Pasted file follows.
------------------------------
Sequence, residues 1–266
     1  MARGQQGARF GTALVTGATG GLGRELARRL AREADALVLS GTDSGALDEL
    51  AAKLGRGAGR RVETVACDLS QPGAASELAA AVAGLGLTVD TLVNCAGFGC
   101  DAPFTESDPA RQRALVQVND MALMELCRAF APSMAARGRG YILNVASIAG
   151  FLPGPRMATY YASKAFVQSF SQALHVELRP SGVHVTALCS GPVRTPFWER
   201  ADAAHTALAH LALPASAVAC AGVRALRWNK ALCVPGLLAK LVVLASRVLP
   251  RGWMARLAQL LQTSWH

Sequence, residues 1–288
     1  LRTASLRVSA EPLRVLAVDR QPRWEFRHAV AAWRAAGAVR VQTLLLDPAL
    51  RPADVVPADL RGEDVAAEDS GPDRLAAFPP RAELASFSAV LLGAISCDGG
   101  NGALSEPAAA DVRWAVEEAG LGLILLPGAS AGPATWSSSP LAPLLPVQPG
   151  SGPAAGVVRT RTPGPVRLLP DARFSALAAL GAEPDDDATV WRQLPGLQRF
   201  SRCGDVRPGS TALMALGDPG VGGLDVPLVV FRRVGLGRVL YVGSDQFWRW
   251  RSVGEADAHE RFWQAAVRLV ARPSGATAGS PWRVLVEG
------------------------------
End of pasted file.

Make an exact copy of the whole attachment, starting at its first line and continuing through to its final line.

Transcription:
Sequence, residues 1–266
     1  MARGQQGARF GTALVTGATG GLGRELARRL AREADALVLS GTDSGALDEL
    51  AAKLGRGAGR RVETVACDLS QPGAASELAA AVAGLGLTVD TLVNCAGFGC
   101  DAPFTESDPA RQRALVQVND MALMELCRAF APSMAARGRG YILNVASIAG
   151  FLPGPRMATY YASKAFVQSF SQALHVELRP SGVHVTALCS GPVRTPFWER
   201  ADAAHTALAH LALPASAVAC AGVRALRWNK ALCVPGLLAK LVVLASRVLP
   251  RGWMARLAQL LQTSWH

Sequence, residues 1–288
     1  LRTASLRVSA EPLRVLAVDR QPRWEFRHAV AAWRAAGAVR VQTLLLDPAL
    51  RPADVVPADL RGEDVAAEDS GPDRLAAFPP RAELASFSAV LLGAISCDGG
   101  NGALSEPAAA DVRWAVEEAG LGLILLPGAS AGPATWSSSP LAPLLPVQPG
   151  SGPAAGVVRT RTPGPVRLLP DARFSALAAL GAEPDDDATV WRQLPGLQRF
   201  SRCGDVRPGS TALMALGDPG VGGLDVPLVV FRRVGLGRVL YVGSDQFWRW
   251  RSVGEADAHE RFWQAAVRLV ARPSGATAGS PWRVLVEG